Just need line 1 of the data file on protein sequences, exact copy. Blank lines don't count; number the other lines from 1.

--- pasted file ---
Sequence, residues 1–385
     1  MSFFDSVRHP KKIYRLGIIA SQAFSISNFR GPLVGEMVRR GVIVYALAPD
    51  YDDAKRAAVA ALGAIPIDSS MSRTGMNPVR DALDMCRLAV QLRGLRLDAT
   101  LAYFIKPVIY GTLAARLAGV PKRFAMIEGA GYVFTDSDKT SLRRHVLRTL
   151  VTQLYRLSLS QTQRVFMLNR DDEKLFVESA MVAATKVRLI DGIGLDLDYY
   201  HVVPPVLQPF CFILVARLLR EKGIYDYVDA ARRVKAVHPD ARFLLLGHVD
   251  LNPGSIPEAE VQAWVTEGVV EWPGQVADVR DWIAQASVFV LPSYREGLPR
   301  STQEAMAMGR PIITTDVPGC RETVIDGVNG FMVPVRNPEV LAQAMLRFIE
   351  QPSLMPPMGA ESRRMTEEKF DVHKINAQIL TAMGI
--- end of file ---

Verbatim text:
Sequence, residues 1–385